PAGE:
What Is A Malleable Iron? Types Of Malleable Iron

What Is A Malleable Iron? Types Of Malleable Iron

What Is A Malleable Iron?

Malleable iron is a type of cast iron that has been heat-treated to make it more flexible and less brittle. It is made by casting white iron, which is a metastable carbide in a pearlitic matrix, and then annealing it to change its structure.

The process causes carbon to form small, spherical aggregates of graphite, leaving a matrix of ferrite or pearlite. There are three main types of malleable iron: blackheart, whiteheart, and pearlitic. Malleable iron has a long history, dating back to ancient China where it was used as early as the 4th century BCE. However, by the Tang Dynasty, its use had declined.

In the 17th century, it was mentioned in England in a patent, and in the 18th century, French scientist Réaumur conducted extensive research on it. In the United States, malleable iron production began in 1826 with the opening of a foundry by Seth Boyden.

Pig iron is a form of iron that is made by melting iron ore, charcoal, and limestone together under intense pressure. The result is a high-carbon iron material that is quite brittle and not suitable for use without further processing.

One way to improve the properties of pig iron is through a process called annealing. This involves heating the iron to a high temperature and then allowing it to cool very slowly over a period of about 24 hours. This controlled cooling process rearranges the chemical structure of the metal making it more malleable and less brittle.

Types Of Malleable Iron

There are two main types of malleable iron: whiteheart and blackheart. Whiteheart iron is lighter in color and has a different chemical composition than blackheart iron. It is made up of a surface of pure ferrite with a core of pearlite, temper carbon, and ferrite.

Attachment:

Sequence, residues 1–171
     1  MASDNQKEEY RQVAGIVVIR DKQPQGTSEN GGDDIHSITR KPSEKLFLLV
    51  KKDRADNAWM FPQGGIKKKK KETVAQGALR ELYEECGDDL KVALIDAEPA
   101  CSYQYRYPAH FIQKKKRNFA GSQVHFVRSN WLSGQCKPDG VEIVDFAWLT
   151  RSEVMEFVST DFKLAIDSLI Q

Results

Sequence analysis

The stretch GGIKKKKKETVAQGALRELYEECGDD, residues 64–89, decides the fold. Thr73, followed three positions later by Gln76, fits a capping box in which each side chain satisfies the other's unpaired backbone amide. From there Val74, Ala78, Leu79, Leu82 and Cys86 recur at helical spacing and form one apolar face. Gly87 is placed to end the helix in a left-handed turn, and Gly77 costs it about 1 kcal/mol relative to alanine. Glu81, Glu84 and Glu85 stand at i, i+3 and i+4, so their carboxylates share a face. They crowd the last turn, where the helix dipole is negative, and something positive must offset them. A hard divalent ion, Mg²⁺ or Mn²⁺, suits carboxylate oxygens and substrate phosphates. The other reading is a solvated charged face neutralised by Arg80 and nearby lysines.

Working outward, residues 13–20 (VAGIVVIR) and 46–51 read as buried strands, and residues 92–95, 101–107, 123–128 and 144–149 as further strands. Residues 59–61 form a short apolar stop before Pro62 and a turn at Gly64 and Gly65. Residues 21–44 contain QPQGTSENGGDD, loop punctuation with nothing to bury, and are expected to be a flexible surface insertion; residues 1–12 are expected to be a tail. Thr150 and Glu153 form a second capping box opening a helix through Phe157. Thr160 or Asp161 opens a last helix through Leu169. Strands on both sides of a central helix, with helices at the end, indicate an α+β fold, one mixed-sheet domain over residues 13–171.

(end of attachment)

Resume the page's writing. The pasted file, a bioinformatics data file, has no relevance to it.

Blackheart iron, on the other hand, is mostly ferrite. A third type of malleable iron is called pearlitc malleable iron which is a type of blackheart iron that includes pearlite.

The International Organization for Standardization (ISO) has published a grading system for whiteheart and blackheart malleable iron, known as ISO 5922-2005. This system assigns a letter, two numbers for tensile strength, and two numbers for minimum elongation or ductility of the iron sample. This grading system is used to help determine the quality and suitability of the iron for different uses.

Advantages Of Malleable Iron

Malleable iron is a type of iron that exhibits good ductility, similar to other irons with carbon formed into spherical or nodular shapes. Despite being sometimes considered an “old” or “dead” material, malleable iron still has a place in the design engineer’s toolbox.

It is a good choice for small castings or castings with thin cross sections, as other nodular irons can be difficult to produce in these applications due to the formation of carbides from rapid cooling. Additionally, malleable iron exhibits better fracture toughness properties in low temperature environments than other nodular irons, due to its lower silicon content.

However, care must be taken in the annealing process to ensure that the iron casting will solidify with an entirely white iron cross section, as thicker sections will cool slowly and allow some primary graphite to form, lowering the fracture strength.

Some countermeasures can be applied to enhance the formation of the all-white structure, but malleable iron foundries often avoid producing heavy sections.

After the casting and heat treatment processes, malleable iron can be shaped through cold working, such as stamping for straightening, bending or coining operations, due to its desirable property of being less strain rate sensitive than other materials.

Applications Of Malleable Iron

Malleable iron is a type of iron that is known for its good tensile strength and ability to flex without breaking. It is commonly used for small castings such as electrical fittings, hand tools, pipe fittings, washers, brackets, fence fittings, power line hardware, farm equipment, mining hardware and machine parts.

In the past, heavy-duty bench vises were made from cast steel. However, due to its poor castability, the use of cast steel has decreased significantly and high-quality cast vises, as well as other tools and machine elements are now mostly made of malleable iron.


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